Does war prey on your mind more, having a teenage son?
"Sure, sure! He's 13 (14 now). I just felt it was something that I wanted to say personally, I just think enough's enough."
8. Real Mean Bottle (with Kid Rock)
"I know how Rock likes all the legends of country, Merle (Haggard) and George Jones and Hank Williamshe reveres that stuff, and I was in the studio with (backup singer) Laura (Creamer) who sings with him when she's not singing with me, and I said 'Do you think Bob would like this?' I played it for her. She said 'Man you ought to tell him to go buy the thing and you ought to have him here tomorrow.'
"So I called him and I said 'Hey Bob go and buy this record and see if we should do it together.' He said 'OK!' He called me back three hours later and said 'Oh yeah yeah I'll be there tomorrow.' Well, he took over the session! He said 'Well we can't do it that way.' I was going to do it the way Vince did it. I figured Bob really likes country, it'll be a country song with real funny lyrics about a real mean bottlethat's why I gave Bob a production credit. He said no 'No no no we've gotta do it this way!' He went out and whipped the beat, turned the thing up 70 beats a minute, had the drummer playing this way and he basically produced the song right in front of my eyes, he did the handclaps, the breakdowns, he changed the melody on the bridge and the choruses to a 7/4/1/ chord structure, he did all of that right in front of my eyes. I think we started at 11 in the morning and we were done by 3 o'clock in the afternoon, the whole thing was done and sung. We called up Vince and he came over and listened and absolutely loved it, we got his blessing.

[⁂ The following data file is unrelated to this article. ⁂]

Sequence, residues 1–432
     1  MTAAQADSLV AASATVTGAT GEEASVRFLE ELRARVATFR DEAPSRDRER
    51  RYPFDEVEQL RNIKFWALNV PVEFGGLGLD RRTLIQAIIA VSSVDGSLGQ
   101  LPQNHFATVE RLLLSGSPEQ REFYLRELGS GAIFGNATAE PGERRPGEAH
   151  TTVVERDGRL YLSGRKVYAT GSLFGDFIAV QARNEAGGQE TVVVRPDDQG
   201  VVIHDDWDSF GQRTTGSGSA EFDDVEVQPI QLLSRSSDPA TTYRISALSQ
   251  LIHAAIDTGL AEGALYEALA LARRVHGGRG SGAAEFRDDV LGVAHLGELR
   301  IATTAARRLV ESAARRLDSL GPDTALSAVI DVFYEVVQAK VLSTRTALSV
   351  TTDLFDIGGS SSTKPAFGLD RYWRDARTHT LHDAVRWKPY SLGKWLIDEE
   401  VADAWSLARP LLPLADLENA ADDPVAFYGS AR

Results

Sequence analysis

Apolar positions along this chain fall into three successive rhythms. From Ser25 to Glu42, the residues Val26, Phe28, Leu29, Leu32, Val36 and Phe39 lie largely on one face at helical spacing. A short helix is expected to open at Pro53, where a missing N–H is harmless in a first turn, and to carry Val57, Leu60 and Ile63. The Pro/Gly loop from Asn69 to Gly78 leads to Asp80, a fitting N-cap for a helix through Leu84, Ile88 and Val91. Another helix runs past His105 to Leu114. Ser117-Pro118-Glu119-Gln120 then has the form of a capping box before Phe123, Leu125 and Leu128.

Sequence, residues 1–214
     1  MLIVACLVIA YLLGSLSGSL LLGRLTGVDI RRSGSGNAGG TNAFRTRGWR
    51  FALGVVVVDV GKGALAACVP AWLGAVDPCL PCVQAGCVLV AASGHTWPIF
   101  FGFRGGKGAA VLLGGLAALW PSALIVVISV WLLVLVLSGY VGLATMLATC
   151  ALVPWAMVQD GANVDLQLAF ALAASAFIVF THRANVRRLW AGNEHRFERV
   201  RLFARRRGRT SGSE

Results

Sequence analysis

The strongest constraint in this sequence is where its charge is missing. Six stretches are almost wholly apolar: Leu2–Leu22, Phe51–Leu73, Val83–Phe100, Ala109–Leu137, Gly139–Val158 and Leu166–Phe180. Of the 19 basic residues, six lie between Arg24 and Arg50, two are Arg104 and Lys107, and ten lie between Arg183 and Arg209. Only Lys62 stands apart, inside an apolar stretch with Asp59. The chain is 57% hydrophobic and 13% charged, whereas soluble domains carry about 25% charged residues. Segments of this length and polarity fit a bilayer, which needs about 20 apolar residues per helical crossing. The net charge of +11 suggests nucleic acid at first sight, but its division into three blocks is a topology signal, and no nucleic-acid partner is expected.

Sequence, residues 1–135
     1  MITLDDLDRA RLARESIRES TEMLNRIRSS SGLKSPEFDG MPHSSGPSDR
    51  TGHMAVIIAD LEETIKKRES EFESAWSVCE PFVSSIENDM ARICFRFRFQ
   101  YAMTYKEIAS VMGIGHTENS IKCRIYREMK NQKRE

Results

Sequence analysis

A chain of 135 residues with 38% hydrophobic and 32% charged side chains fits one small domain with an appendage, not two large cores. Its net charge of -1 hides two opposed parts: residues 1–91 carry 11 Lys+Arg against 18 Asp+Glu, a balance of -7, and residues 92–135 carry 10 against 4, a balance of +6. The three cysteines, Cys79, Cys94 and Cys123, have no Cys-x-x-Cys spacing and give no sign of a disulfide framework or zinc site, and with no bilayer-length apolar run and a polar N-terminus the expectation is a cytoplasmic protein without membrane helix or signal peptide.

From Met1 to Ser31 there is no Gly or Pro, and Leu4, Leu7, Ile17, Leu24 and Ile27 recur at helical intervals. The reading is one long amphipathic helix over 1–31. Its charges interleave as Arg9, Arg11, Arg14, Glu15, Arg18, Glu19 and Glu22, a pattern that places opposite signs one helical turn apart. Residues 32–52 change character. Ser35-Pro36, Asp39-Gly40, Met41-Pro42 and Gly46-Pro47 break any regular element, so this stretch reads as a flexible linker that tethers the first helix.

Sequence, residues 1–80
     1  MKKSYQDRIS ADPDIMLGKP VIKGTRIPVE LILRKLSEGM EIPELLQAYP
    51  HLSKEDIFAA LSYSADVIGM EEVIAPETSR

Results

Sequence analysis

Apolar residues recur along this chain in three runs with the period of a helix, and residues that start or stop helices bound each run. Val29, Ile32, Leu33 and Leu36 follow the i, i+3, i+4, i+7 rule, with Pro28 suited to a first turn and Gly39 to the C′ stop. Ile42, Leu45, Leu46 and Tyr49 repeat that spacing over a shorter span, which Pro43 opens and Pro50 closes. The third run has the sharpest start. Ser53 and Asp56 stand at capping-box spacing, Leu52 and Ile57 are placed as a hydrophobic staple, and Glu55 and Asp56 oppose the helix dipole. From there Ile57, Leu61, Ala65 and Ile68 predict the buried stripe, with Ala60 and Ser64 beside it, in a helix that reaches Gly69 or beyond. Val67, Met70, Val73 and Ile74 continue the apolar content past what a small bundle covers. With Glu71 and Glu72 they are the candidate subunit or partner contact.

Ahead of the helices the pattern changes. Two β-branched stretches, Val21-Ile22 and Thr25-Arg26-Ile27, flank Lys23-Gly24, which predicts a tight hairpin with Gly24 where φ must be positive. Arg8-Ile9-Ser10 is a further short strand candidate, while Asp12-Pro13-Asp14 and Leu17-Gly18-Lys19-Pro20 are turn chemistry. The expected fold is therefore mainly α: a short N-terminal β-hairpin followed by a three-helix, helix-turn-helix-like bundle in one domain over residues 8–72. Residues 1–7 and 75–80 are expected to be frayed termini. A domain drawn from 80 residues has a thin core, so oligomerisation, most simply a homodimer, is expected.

"I know Bob's range because I went to one of his concerts and he did 'Rock and Roll' by Led Zeppelin which I would not even ATTEMPT that's so high, and I said if Bob can sing that high, this is going to be great. He can do the high harmony, and I can sing where I normally sing. So it'll work out great."
9. Won't Stop. Just to balance things out, a song about addictions.
10. Between. Seger has said it might be his favorite cut; it's an acquired taste for a lot of fans but its multilayered strangeness is a key to the kind of edgy music he seeks out.
11. The Answer's in the Question (with Patty Loveless)
"What a joy this was. This is the gal who I've listened to more than any guy or gal in country. She's my favorite country artist of all time. I'm a huge fan of hers, I have every one of her albums from day oneI called her up and I had 'Answer's in the Question' we played it for her on the phone, and I said, this would be your part. We went down the following week and she sang it in Atlanta, we stayed at her place with (husband) Emory (Gordy). It was great finally making a record with her. I warned her that this was not a hit record, it's just a little song I like."